Soundtrack of the week: Murmuration by Erland Cooper
Inspired by the sound of seabirds in flight – to be played on a continuous loop – a record to put Bill Oddie in his place…
Here at Hole & Corner HQ, we love a bit of a murmuration. If you missed it, first time round, witness founder Sam Walton’s stunning film of a starling murmuration over Snape Maltings in Suffolk, featuring a soundtrack by Oscar-nominated composer Dustin O’Halloran.
So we were suitably thrilled to hear the latest composition from Erland Cooper in collaboration with artist, writer and musician William Doyle. A continuous, ambient work, split over three movements (or ‘migrations’), Murmuration is a new companion album to Erland Cooper’s debut record Solan Goose.
Not only is it the perfect office soundtrack, it’s also proven educational too, as Cooper explains: ‘Over the years the word “murmuration” has been associated solely with a flock of starlings, but it actually refers to the sonics of a flock of birds,’ he says. ‘So when Bill Oddie and others say: “Let’s go and see this murmuration”, that’s not quite right – you hear it.’
So now you know. Featuring equally beautiful artwork on the cover donated by Norman Ackroyd (CBE), there is something mesmerising about the piece – which Doyle enthusiastically describes as ‘One of the most enjoyable collaborations I’ve been involved in. Murmuration drifts in and out of consciousness. It’s a seamless sonic poem that not only evokes the place and memory of Erland’s original compositions, but hopefully, of the new frontiers we pushed it towards together.’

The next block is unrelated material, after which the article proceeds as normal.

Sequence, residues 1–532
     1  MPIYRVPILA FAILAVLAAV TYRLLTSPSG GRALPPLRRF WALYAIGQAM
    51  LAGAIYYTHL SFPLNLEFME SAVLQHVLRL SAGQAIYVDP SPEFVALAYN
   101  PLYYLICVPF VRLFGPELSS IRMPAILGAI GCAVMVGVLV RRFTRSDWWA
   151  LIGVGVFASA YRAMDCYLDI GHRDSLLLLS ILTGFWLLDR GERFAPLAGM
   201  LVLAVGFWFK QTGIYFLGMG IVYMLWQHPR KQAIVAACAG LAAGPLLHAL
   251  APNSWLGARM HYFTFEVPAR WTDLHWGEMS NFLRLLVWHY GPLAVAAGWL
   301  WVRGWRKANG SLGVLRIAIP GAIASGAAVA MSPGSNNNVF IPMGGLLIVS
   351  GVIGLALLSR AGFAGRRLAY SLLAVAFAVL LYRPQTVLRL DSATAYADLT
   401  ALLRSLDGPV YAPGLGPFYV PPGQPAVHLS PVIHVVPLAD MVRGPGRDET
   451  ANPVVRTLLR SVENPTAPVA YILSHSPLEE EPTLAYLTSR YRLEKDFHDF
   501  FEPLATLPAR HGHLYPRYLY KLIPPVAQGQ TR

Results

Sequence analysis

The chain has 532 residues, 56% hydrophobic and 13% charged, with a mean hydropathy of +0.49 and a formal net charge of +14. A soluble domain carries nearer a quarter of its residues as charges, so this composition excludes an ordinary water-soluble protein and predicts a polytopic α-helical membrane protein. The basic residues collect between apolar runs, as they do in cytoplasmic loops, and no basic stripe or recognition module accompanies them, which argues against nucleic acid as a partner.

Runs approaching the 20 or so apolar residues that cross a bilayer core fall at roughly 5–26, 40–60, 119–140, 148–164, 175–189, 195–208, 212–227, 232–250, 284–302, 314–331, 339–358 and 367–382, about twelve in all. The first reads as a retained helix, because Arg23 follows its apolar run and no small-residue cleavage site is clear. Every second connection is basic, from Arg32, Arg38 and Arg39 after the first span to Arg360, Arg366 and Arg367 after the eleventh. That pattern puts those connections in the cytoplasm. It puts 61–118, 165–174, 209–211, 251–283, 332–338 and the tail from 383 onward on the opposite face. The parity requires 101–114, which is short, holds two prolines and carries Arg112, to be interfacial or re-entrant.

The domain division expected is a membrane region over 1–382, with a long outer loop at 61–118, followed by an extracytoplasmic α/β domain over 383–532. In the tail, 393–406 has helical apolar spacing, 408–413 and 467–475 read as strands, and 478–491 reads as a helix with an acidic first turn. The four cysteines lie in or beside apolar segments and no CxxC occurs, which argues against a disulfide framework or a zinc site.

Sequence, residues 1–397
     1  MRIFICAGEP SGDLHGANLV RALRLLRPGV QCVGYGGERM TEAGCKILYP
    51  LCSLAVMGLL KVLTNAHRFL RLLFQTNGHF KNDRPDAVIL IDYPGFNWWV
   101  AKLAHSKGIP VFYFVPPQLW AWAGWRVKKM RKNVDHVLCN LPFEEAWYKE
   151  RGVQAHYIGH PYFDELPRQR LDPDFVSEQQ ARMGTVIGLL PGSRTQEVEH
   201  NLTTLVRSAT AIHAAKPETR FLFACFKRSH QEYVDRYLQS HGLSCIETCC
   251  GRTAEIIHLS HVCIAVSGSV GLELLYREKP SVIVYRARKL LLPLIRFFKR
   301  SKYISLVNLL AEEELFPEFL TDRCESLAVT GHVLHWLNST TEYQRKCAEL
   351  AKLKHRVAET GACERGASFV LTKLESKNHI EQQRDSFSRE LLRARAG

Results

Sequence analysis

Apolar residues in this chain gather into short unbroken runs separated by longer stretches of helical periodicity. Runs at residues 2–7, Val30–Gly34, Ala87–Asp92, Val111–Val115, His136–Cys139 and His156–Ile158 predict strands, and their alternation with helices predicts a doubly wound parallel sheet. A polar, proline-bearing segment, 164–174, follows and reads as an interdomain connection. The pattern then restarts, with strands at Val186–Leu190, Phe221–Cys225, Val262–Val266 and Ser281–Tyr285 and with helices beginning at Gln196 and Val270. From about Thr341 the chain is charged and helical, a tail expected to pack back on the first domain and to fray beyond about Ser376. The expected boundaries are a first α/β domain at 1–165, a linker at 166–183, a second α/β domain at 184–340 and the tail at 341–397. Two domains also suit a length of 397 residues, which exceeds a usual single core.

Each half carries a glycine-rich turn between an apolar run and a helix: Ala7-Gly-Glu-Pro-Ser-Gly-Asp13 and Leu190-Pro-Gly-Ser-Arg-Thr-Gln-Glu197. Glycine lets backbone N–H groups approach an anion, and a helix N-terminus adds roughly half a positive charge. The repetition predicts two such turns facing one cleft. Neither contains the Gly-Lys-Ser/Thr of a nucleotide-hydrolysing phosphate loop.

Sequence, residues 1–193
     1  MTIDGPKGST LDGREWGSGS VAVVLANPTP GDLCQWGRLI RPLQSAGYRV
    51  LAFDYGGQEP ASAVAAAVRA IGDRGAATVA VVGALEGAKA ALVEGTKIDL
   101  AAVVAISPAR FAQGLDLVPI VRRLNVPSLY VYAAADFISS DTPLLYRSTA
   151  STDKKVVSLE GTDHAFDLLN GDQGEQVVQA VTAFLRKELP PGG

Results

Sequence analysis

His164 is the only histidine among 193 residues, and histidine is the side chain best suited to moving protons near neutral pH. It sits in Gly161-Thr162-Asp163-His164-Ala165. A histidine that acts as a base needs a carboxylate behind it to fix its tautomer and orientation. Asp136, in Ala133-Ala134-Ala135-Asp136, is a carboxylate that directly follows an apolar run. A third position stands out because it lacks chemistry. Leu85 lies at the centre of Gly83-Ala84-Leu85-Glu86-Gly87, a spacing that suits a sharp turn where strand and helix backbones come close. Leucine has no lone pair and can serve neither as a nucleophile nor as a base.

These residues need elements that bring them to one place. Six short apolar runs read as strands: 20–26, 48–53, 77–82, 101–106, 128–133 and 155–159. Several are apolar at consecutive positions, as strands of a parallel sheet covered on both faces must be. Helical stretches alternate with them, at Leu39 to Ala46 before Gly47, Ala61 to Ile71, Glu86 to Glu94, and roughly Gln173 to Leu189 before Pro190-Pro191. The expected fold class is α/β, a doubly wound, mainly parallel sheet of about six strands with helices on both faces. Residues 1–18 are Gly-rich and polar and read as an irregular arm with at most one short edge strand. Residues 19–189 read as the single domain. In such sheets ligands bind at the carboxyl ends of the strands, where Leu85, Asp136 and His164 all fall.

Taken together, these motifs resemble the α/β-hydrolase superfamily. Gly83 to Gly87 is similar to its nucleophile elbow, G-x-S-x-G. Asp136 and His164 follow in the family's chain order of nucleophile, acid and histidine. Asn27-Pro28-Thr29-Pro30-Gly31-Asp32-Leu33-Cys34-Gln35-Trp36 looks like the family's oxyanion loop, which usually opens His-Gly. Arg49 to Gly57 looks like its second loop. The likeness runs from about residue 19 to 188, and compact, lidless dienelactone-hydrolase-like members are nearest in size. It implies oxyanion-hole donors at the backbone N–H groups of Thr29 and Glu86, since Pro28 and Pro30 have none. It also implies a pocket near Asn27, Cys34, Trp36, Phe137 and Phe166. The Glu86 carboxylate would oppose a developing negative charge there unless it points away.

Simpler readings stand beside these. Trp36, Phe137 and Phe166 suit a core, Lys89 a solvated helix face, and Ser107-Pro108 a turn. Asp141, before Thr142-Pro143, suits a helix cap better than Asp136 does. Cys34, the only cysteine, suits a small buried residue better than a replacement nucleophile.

While the individual migrations can be listened to separately, Cooper conceived them as a complete work in succession – ideally to be played on loop to match the endless variations of flight from the birds that inspired it. (They were, Cooper explains, ‘a particular group of sea birds that, unlike many other birds, spend the first 5-10 years of their lives travelling far and wide out to sea in solitude, before settling down to find a partner and lay a single egg… It’s a recycling or ‘upcycling’ of sounds, themes and layers into a new collaborative work.’